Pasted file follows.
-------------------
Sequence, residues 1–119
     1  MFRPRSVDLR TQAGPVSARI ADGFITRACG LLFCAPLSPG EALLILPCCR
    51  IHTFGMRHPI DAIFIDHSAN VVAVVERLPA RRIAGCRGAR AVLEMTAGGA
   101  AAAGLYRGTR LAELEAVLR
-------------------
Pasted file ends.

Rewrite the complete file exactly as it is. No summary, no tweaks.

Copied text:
Sequence, residues 1–119
     1  MFRPRSVDLR TQAGPVSARI ADGFITRACG LLFCAPLSPG EALLILPCCR
    51  IHTFGMRHPI DAIFIDHSAN VVAVVERLPA RRIAGCRGAR AVLEMTAGGA
   101  AAAGLYRGTR LAELEAVLR